I can’t believe it’s been a whole month since I’ve started officially running trips as a tour leader. So much has happened since I first set off for tour leader training but I struggle to find words at all on how to describe this whirlwind of an experience.
I do have to admit, though, that I haven’t been as rigorous with my camera for the whole season… which means that there’s a serious lack of photos coming up. What can I say? I’ve been so busy planning and organizing that when I do get some time to myself, I don’t exactly reach for the camera. Or the blog, which is why this summer has been so lacking in posts.
So far, I’ve finished running 3 trips and am currently running my 4th.
I feel extremely grateful that I’ve had this opportunity to travel so much of the U.S. as part of my job. There’s no way I could’ve been to so many places in such a short amount of time in such a low-budget way! At the same time, I would like to go back to many of these places since the time we get in each place isn’t more than a day or two.
Tour Leader Life
As a tour leader, I’m responsible for all the aspects of making a trip run smoothly. That includes teaching the passengers how to live a camp life (setting up tents, cooking, etc), monitoring the status of the food we keep in coolers and dry boxes, finalizing the itinerary (which campsites, what to do along the way), giving little talks on background of certain places, and driving the van (which can be up to 8 hours a day!).
Although we do have a headquarters and managers who are there for you if you run into a bit of trouble, be it your van breaking down or a lost passport, a majority of what we do is completely autonomous from any supervisor. That means we’re in full control of how a trip goes.
Much of our job is also managing group dynamics. When you put 13 random people into a van for 2+ weeks, things are going to happen. If you’re really lucky, a trip will feel like you’re on a planned road trip with 13 of your friends—these are the best case scenarios and the best fun I’ve ever had. If you’re lucky, a trip will feel like a job—you’re managing all aspects and standing back a bit from really being part of the group. If you’re unlucky, a trip can be a mess of a reality show—when people dislike each other and there is a lot of drama every single day. This season, I’ve experienced all three kinds of trips.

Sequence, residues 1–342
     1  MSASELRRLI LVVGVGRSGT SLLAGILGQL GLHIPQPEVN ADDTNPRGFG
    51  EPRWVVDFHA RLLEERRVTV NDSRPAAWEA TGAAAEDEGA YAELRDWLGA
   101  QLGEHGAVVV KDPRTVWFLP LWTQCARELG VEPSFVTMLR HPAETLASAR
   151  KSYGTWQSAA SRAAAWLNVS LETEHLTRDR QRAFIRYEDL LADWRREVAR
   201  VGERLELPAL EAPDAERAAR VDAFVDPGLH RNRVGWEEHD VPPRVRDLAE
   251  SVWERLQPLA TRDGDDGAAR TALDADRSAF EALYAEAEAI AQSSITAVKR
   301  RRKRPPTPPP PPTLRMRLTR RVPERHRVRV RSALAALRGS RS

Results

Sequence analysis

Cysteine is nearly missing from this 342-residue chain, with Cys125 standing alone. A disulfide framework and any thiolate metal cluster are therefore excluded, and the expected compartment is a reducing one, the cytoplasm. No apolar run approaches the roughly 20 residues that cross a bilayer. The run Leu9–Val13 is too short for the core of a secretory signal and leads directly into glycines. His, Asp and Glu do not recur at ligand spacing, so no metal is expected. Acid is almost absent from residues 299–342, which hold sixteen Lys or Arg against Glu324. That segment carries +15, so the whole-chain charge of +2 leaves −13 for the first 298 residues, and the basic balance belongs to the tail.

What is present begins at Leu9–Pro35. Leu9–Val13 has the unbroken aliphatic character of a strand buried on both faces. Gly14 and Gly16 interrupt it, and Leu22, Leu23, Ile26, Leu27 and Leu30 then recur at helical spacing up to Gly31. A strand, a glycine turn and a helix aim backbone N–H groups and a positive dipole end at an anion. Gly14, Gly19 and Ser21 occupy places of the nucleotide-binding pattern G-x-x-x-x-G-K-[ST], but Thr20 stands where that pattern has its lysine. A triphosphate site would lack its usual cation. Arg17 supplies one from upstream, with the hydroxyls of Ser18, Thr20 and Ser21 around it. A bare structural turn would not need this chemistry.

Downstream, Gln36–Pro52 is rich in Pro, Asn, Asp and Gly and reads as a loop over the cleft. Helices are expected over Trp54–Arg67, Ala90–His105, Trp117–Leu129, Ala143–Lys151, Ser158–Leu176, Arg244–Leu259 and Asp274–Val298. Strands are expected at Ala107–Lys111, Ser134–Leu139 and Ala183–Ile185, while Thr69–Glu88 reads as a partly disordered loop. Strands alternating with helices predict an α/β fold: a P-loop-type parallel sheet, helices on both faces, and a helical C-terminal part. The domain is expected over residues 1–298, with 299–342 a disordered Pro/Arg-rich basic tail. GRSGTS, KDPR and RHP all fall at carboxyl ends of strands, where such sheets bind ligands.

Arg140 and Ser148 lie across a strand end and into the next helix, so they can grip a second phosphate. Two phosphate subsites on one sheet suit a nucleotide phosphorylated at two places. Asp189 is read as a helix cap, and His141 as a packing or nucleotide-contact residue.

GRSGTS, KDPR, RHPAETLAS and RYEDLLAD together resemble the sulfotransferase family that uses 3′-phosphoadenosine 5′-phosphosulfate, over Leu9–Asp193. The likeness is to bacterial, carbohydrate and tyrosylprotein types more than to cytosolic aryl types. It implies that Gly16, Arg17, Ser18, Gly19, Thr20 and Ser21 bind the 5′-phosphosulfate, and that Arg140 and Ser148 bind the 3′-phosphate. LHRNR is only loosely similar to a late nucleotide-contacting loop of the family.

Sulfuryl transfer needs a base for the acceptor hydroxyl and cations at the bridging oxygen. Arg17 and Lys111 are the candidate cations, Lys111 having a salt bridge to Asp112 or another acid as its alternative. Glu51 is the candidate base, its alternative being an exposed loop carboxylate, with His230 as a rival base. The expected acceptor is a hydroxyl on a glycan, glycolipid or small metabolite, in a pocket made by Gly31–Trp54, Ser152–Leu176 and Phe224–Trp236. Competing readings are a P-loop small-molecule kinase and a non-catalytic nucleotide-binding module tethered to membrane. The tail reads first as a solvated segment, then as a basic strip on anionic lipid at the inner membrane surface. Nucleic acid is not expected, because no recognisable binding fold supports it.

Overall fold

The trips themselves pass by quickly while at the same time, each day feels like an eternity. You love your passengers and then you hate them. You’re on top of the world, gazing at the most beautiful sunrise you’ve ever experience; 5 hours later, you’re sitting on the bathroom floor, trying to gather your strength to continue on.
One of the best feelings in the world is running into another tour leader. Even better is when you run into a leader you’ve met before. When you’re on the road, it’s simultaneously lonely and overwhelmingly social at times. But in terms of being with people that understand the chaos that is your life… you rarely get to see those people. So, when you do end up in the same campsite as another leader… it’s a party. Instant friendship. Tour leaders are some of the best people I’ve ever met and most are on a similar wavelength.
The days as a tour leader are really strange; sometimes I feel like I’m operating in an alternate reality compared to the rest of the world. It’s a weird thing, being a tour leader. Weird for the friendship dynamic you form with your passengers, weird for yourself as a person… just weird.
Sometimes I wake up and have no clue where I am, the only constant being that I’m either sleeping in the van or outside on my hammock. I feel like traveling 4-8 hours to a different city does take a toll on your body not just in terms of time zone but in terms of place whiplash or something!
Even weirder is the friendship you form with your passengers. I’m completely myself because it’s hard pretending to be something else when you’re basically with these 13 people 24/7… but at the same time, I’m a filtered version of myself… because there are company policies and feelings that need to be kept in a certain condition.
Despite all that, I’m not as stressed as I thought I would be! My first trip was probably my most stressful because I gave it 150%. Since then, I’ve learned that giving so much of yourself into a trip basically guarantees burnout; you need to learn how to take care of yourself first in order to run a trip smoothly for your passengers.
Days like today remind me how good I have it and how weird I have it. Today is a free day, which allows me to prepare for the next few days of the trip while enjoying some peace and quiet to myself. After yesterday, a sunset cruise in the San Francisco Bay and drinks out afterwards, it’s a much needed period of time to myself. I’m currently chilling on a king-sized bed in a hotel in the middle of San Francisco watching Netflix and catching up with my fellow bloggers. Does that not sound surreal to you?
I’m loving it
Despite all the ups and downs, I’m completely loving it so far. Compared to other people, I’m not as stressed or as worried about running a trip. It’s been pretty natural after I nailed my first one and all subsequent trips have been a blast (knock on wood). Although it’s probably not exactly what my parents pictured for a job, if all goes well, I’m probably going to be coming back for a few more years. What other job allows you to travel paid for 6 months and allow another 6 months to pursue whatever you wish?
Oops, did I forget to tell you guys that I got a nose piercing? Well, I did!
What would you be interested to know about tour leading? Help me narrow it down!